5 Reasons Why Tim Westwood Is Still The Big Dawg

Despite having his drive time slot taken away from him, Westwood is still a central figure in UK urban music, and here's the 5 reasons why...
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Despite having his drive time slot taken away from him, Westwood is still a central figure in UK urban music, and here's the 5 reasons why...

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So it turns out it was a lot of kerfuffle over nothing. Westwood was not fired as many reported, but instead his presence on the Beeb has been somewhat downsized: he will no longer present 1Xtra’s Drive Time slot.

The justification of wanting to keep its youth stations fresh, particularly 1Xtra, is understandable. Corporations are forever chasing the teen market. Whether their decision was right or wrong will soon be determined. What was shocking however was the lack of respect shown across tweets and blogs at the news of Westwood’s change in situation.

Do not get it twisted; Tim Westwood has done more for urban music in the UK than any other artist or DJ.

Here are 5 reasons why Westwood is a hero:

1. History

Westwood has seen it all. He ran a London night in the 80’s where Run DMC would hang out if they felt homesick. He produced for and signed UK legend Rodney P’s 1st group, London Posse. He was there in the studio when your favourite 90s rapper was recording their debut album. He brought over Jay Z, Busta and Lil Kim in 1997 to tear down the Nottinghill Carnival. Eminem spat hit first UK freestyle on his show. He was 1 of the founding members of Kiss 100. He had the 1st rap show on Radio 1.

Forget the previous points if you want; answer this question instead… how many other DJs have vocal drops from Biggie and Tupac?

The guy knows the scene inside out and has watched it develop. He is the John Peel of urban music.

2. Influence

His long term presence in the scene means that he has a pull in Hip Hop unlike many others, and I’m not just talking UK here. The world over he is a key figure in Hip Hop and artists know that. Some of the freestyle sessions that have happened on his show rank pretty highly in Hip Hop’s classic cipher list:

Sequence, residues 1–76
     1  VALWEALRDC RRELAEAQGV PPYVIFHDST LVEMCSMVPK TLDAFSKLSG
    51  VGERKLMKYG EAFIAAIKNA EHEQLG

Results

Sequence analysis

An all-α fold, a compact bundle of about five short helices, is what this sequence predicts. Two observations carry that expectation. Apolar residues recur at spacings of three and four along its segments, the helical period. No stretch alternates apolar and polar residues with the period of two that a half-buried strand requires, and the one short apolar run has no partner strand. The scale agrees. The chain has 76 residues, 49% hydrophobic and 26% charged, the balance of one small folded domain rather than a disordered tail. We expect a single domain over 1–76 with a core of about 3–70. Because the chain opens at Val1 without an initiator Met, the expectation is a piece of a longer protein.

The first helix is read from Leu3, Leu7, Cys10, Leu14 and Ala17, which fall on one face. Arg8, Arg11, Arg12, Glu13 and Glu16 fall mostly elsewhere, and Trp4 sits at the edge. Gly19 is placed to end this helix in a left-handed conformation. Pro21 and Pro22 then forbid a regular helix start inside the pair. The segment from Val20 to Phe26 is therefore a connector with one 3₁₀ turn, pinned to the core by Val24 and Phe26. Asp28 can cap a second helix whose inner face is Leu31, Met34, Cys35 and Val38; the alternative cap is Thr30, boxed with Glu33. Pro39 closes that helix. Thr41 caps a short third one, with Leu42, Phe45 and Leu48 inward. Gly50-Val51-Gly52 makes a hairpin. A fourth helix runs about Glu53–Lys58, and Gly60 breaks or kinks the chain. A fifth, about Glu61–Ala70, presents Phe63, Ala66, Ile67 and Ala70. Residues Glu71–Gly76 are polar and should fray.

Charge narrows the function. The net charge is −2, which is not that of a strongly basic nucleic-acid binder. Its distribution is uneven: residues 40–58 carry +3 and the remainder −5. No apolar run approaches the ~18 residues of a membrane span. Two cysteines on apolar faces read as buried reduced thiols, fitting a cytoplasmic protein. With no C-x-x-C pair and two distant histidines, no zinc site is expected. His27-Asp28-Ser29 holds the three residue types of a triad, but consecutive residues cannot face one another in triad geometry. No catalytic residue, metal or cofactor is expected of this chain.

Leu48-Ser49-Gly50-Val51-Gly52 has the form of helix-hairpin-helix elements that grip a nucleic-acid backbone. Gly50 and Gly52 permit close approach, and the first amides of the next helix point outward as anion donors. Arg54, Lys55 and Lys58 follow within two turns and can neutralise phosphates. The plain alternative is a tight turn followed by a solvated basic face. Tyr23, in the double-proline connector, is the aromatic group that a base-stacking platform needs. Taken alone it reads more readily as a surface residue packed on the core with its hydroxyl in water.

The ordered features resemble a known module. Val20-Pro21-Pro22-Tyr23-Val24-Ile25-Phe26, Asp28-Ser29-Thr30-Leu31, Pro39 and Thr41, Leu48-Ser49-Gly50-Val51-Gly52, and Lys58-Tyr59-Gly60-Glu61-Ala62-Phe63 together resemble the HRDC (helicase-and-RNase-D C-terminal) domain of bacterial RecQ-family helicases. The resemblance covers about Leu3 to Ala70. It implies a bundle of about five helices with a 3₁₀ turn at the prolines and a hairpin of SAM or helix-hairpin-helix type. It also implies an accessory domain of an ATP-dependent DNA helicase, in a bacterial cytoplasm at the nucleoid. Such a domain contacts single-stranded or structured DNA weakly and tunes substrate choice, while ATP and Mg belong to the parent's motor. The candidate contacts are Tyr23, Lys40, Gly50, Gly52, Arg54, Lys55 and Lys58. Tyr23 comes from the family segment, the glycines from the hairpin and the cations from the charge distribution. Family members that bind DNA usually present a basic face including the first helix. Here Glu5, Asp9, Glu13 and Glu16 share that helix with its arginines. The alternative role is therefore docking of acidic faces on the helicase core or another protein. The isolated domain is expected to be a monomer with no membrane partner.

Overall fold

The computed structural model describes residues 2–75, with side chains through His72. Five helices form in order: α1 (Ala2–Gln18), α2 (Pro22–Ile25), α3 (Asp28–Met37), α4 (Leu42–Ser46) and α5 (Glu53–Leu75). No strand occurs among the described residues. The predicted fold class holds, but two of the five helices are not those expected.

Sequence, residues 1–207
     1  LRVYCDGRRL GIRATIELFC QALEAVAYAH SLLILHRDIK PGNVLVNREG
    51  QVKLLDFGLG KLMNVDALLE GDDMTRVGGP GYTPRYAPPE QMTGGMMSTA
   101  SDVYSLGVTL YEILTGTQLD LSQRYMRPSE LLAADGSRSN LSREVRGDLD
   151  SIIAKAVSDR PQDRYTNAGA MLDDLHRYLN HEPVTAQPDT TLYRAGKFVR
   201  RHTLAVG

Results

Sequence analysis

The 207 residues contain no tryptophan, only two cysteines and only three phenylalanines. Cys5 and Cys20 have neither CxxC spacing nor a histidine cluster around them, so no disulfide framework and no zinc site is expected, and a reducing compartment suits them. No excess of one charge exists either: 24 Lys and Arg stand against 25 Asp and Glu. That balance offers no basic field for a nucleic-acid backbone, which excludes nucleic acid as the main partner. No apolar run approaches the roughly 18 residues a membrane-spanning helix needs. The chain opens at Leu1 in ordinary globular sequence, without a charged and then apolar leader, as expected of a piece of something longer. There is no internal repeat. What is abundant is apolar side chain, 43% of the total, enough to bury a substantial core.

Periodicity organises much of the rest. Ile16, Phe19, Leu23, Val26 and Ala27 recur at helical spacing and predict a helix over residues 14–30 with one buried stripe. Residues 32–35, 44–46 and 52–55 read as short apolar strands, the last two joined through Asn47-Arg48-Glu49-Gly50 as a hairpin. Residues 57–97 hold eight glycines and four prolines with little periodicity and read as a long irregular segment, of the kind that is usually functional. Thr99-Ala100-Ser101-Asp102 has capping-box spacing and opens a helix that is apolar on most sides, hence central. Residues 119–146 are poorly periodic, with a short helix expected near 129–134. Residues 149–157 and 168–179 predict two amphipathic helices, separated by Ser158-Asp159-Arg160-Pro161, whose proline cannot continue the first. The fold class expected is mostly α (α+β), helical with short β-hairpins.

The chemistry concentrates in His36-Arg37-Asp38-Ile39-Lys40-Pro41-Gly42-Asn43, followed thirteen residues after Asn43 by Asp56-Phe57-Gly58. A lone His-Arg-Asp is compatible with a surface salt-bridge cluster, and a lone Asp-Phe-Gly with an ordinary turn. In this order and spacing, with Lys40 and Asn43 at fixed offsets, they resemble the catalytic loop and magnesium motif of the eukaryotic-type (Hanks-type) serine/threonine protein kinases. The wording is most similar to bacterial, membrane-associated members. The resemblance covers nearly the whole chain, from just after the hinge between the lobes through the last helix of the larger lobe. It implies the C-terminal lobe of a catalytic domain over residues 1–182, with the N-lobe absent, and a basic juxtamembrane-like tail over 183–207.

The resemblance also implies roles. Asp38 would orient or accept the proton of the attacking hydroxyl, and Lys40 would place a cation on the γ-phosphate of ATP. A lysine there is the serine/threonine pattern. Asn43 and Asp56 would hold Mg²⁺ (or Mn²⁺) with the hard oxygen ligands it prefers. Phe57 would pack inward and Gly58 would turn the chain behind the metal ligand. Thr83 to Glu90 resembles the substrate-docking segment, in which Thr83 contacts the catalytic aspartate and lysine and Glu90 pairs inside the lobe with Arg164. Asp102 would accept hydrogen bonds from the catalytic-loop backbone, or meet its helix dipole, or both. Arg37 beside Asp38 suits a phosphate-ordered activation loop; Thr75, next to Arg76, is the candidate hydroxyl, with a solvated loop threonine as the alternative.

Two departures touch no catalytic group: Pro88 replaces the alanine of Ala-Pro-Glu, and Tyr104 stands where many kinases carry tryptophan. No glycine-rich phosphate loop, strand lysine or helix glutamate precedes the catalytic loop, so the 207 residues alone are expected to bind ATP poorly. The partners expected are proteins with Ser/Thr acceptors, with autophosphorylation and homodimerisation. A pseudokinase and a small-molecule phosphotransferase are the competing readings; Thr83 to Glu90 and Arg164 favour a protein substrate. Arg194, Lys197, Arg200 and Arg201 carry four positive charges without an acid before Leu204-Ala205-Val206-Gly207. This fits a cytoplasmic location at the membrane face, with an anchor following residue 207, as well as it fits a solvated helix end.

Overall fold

Eminem and D12 over Mobb Deep ‘Got It Twisted’

CamRon freestyle from 1998

Kano going HAM

The interesting thing is that rather than Westwood using this power for an ego trip, the way it manifests itself brings us to the next point.

3. Personality

Rappers give interviews to Westwood that you’d struggle to find anywhere else. In a world of agents and PR spin, he somehow manages to get under the skin of rappers… in a good way. It may be that being overseas rappers feel a little freer than back home but there is a reason you see his interviews syndicated on blogs the world over.

Check this interview where Drake starts doing impressions.

Or the Diplomats getting drunk in London with him:

Ultimately Westwood is a very funny, charismatic person. I’ve been lucky enough to meet him a few times and he could not be a nicer guy.

Hip Hop does not reward the meek and shy. He knows he’s a little ridiculous; a 54 year old middle class white guy in a young urban world, but he also knows that 25 plus years of experience at the top means he’s on a level with these notoriously guarded rappers. Why should he be any less Hip Hop than the latest 18 year old Swag upstart? He was promoting the scene before their parents were old enough to fornicate.

He has watched Jay Z go from being Jaz-O’s hype man spending a summer recording in London in the late 80s to becoming not just a business man, but a business, man.

He’s like an old friend and MCs react accordingly; whether he’s making fun of D Double E for being skinny or Wiley for being a bit scatty. He knows how the industry works and isn’t worried about poking a little fun at people, and immediately creates a priceless rapport